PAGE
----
The models allowing for heterogeneity of variance components by sex suggest that genetic and environmental variances are not different in males and females for diastolic blood pressure, LDL-cholesterol, and HDL-cholesterol, independent of the covariates included in the models. However, for systolic blood pressure, fasting glucose and triglycerides, the evidence for heterogeneity was dependent on the covariates in the model. For instance, in the presence of sex and age covariates, heterogeneity in the genetic variance component was suggested for fasting glucose. But, for systolic blood pressure, there was no evidence of heterogeneity in any of the two variance components. Except for the LDL-cholesterol, models allowing for heterogeneity by age provide evidence of heterogeneity in genetic variance for triglycerides and systolic and diastolic blood pressure. There was evidence of heterogeneity in environmental variance in fasting glucose and HDL-cholesterol.
Conclusions
Our results suggest that heterogeneity in trait variances should not be ignored in the design and analyses of gene-finding studies involving these traits, as it may generate additional information about gene effects, and allow the investigation of more sophisticated models such as the model including sex-specific oligogenic variance components.
doi:10.1186/1471-2350-11-132
PMCID: PMC2955567  PMID: 20854676
7.  Nuclear Factor (NF) κB polymorphism is associated with heart function in patients with heart failure 
BMC Medical Genetics  2010;11:89.
Background
Cardiac remodeling is generally an adverse sign and is associated with heart failure (HF) progression. NFkB, an important transcription factor involved in many cell survival pathways, has been implicated in the remodeling process, but its role in the heart is still controversial. Recently, a promoter polymorphism associated with a lesser activation of the NFKB1 gene was also associated with Dilated Cardiomyopathy. The purpose of this study was to evaluate the association of this polymorphism with clinical and functional characteristics of heart failure patients of different etiologies.
Methods
A total of 493 patients with HF and 916 individuals from a cohort of individuals from the general population were investigated. The NFKB1 -94 insertion/deletion ATTG polymorphism was genotyped by High Resolution Melt discrimination. Allele and genotype frequencies were compared between groups. In addition, frequencies or mean values of different phenotypes associated with cardiovascular disease were compared between genotype groups. Finally, patients were prospectively followed-up for death incidence and genotypes for the polymorphism were compared regarding disease onset and mortality incidence in HF patients.
Results
We did not find differences in genotype and allelic frequencies between cases and controls. Interestingly, we found an association between the ATTG1/ATTG1 genotype with right ventricle diameter (P = 0.001), left ventricle diastolic diameter (P = 0.04), and ejection fraction (EF) (P = 0.016), being the genotype ATTG1/ATTG1 more frequent in patients with EF lower than 50% (P = 0.01). Finally, we observed a significantly earlier disease onset in ATTG1/ATTG1 carriers.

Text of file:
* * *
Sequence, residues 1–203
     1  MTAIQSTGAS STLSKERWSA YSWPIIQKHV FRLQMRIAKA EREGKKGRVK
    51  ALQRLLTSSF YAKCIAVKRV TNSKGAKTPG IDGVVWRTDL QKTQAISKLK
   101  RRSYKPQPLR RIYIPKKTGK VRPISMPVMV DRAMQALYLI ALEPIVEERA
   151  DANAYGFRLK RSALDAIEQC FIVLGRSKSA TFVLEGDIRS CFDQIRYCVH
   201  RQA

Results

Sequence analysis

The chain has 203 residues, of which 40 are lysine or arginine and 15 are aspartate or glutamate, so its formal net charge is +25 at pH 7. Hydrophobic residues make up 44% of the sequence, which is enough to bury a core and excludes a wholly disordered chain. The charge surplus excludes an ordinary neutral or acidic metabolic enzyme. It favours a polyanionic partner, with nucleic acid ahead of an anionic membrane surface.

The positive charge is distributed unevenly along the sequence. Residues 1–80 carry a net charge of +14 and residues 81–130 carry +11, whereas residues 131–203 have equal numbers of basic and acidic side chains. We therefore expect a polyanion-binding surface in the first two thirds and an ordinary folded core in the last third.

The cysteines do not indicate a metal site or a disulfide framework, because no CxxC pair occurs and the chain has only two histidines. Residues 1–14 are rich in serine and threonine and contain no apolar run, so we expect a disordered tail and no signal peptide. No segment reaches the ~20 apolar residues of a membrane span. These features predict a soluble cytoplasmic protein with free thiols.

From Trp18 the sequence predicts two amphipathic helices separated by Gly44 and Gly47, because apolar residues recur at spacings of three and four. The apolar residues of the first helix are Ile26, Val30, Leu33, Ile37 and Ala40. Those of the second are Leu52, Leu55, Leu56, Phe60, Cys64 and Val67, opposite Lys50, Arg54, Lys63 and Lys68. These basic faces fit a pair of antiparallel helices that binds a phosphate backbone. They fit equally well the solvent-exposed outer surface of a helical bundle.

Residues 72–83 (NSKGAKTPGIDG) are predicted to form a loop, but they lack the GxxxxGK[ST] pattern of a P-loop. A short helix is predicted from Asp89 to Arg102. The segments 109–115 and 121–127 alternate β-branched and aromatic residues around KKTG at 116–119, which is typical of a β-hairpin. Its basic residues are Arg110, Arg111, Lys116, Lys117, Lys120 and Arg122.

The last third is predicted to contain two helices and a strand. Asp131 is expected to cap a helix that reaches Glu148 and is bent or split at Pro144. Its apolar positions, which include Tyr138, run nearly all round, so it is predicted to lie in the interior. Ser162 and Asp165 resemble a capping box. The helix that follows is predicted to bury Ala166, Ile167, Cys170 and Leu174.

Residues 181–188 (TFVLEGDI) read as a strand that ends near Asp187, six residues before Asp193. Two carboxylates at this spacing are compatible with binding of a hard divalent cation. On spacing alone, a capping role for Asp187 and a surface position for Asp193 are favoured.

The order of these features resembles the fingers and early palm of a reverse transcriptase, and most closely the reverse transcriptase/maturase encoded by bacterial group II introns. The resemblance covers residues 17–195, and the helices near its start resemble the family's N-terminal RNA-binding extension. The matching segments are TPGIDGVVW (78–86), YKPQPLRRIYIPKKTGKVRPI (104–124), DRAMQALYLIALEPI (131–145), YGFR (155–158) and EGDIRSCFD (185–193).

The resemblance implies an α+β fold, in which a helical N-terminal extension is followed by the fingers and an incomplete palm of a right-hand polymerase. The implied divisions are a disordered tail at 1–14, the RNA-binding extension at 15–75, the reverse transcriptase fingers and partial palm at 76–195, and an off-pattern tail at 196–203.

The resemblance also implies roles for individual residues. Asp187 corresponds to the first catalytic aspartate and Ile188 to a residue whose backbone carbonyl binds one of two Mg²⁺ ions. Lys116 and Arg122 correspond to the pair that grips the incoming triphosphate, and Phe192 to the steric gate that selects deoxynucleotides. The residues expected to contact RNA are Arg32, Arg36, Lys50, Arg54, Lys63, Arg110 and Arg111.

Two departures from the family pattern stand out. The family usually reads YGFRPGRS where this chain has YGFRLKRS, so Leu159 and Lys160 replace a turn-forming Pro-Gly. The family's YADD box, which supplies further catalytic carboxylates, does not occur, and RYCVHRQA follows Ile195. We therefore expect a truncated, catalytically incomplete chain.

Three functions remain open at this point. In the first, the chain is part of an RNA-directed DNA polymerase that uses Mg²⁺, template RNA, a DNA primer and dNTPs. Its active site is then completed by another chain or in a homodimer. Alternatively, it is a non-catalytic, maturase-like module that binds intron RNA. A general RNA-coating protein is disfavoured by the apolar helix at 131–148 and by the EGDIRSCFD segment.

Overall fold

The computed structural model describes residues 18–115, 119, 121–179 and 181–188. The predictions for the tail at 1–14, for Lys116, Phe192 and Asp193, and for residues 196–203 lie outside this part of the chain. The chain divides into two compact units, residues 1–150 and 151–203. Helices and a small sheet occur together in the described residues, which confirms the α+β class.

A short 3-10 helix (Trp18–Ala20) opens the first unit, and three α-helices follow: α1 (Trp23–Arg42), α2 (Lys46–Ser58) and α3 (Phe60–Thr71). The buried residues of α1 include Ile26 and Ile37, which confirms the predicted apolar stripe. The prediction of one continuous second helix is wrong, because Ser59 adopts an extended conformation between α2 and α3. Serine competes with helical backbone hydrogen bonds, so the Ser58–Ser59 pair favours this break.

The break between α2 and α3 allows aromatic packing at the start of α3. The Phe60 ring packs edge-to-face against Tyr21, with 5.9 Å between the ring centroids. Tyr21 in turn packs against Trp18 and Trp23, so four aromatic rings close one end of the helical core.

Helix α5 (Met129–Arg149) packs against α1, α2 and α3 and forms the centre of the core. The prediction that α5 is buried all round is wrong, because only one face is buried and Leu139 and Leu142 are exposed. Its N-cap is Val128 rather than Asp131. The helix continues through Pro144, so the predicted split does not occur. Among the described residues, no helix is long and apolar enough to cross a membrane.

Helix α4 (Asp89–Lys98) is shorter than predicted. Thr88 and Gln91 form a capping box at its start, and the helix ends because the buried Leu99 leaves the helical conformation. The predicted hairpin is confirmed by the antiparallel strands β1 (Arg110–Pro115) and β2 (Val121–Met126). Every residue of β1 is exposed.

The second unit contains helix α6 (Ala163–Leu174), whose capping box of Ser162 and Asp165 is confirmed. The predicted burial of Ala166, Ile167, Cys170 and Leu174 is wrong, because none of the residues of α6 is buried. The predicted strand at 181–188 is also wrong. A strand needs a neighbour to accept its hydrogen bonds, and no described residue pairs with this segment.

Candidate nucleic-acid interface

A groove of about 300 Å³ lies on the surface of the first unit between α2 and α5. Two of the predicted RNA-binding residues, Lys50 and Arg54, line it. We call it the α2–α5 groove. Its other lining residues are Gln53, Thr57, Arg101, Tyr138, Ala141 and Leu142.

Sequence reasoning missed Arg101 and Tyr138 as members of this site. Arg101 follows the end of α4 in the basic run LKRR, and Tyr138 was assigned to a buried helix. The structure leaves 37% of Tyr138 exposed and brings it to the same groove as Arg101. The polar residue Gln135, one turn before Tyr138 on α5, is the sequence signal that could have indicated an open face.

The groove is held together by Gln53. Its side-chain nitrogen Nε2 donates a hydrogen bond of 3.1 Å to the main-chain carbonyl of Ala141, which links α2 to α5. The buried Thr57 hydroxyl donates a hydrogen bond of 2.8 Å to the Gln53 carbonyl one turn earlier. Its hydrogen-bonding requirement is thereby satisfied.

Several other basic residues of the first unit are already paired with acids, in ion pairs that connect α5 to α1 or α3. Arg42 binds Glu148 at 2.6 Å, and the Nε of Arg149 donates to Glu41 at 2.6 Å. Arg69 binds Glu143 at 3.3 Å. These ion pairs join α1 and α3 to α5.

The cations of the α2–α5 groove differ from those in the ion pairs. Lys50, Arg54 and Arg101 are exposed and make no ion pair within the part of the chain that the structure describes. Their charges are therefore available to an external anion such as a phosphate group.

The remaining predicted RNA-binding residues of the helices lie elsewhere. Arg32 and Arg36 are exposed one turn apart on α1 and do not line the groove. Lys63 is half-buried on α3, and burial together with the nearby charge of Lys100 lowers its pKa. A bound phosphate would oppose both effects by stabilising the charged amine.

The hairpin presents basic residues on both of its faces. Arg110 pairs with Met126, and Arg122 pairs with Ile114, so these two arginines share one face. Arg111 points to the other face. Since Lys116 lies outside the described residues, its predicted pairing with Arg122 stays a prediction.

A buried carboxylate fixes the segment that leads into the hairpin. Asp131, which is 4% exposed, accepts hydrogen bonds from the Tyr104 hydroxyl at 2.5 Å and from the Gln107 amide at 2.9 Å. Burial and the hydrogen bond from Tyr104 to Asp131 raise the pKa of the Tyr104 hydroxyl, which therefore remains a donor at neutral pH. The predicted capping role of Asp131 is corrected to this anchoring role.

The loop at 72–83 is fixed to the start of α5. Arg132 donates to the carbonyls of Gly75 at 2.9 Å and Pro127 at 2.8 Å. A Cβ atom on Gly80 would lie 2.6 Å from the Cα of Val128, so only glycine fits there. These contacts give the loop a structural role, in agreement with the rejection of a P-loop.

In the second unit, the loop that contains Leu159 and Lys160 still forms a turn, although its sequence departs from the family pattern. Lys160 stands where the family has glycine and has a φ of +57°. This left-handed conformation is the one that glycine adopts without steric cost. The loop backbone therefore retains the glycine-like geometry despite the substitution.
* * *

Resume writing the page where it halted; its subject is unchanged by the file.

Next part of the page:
Conclusion
There is no genotype or allelic association between the studied polymorphism and the occurrence of HF in the tested population. However, our data suggest that a diminished activation of NFKB1, previously associated with the ATTG1/ATTG1 genotype, may act modulating on the onset of disease and, once the individual has HF, the genotype may modulate disease severity by increasing cardiac remodeling and function deterioration.
doi:10.1186/1471-2350-11-89
PMCID: PMC2897791  PMID: 20534156
8.  ALDH1A2 (RALDH2) genetic variation in human congenital heart disease 
BMC Medical Genetics  2009;10:113.
Background
Signaling by the vitamin A-derived morphogen retinoic acid (RA) is required at multiple steps of cardiac development. Since conversion of retinaldehyde to RA by retinaldehyde dehydrogenase type II (ALDH1A2, a.k.a RALDH2) is critical for cardiac development, we screened patients with congenital heart disease (CHDs) for genetic variation at the ALDH1A2 locus.
Methods
One-hundred and thirty-three CHD patients were screened for genetic variation at the ALDH1A2 locus through bi-directional sequencing. In addition, six SNPs (rs2704188, rs1441815, rs3784259, rs1530293, rs1899430) at the same locus were studied using a TDT-based association approach in 101 CHD trios. Observed mutations were modeled through molecular mechanics (MM) simulations using the AMBER 9 package, Sander and Pmemd programs. Sequence conservation of observed mutations was evaluated through phylogenetic tree construction from ungapped alignments containing ALDH8 s, ALDH1Ls, ALDH1 s and ALDH2 s. Trees were generated by the Neighbor Joining method. Variations potentially affecting splicing mechanisms were cloned and functional assays were designed to test splicing alterations using the pSPL3 splicing assay.
Results
We describe in Tetralogy of Fallot (TOF) the mutations Ala151Ser and Ile157Thr that change non-polar to polar residues at exon 4. Exon 4 encodes part of the highly-conserved tetramerization domain, a structural motif required for ALDH oligomerization. Molecular mechanics simulation studies of the two mutations indicate that they hinder tetramerization. We determined that the SNP rs16939660, previously associated with spina bifida and observed in patients with TOF, does not affect splicing. Moreover, association studies performed with classical models and with the transmission disequilibrium test (TDT) design using single marker genotype, or haplotype information do not show differences between cases and controls.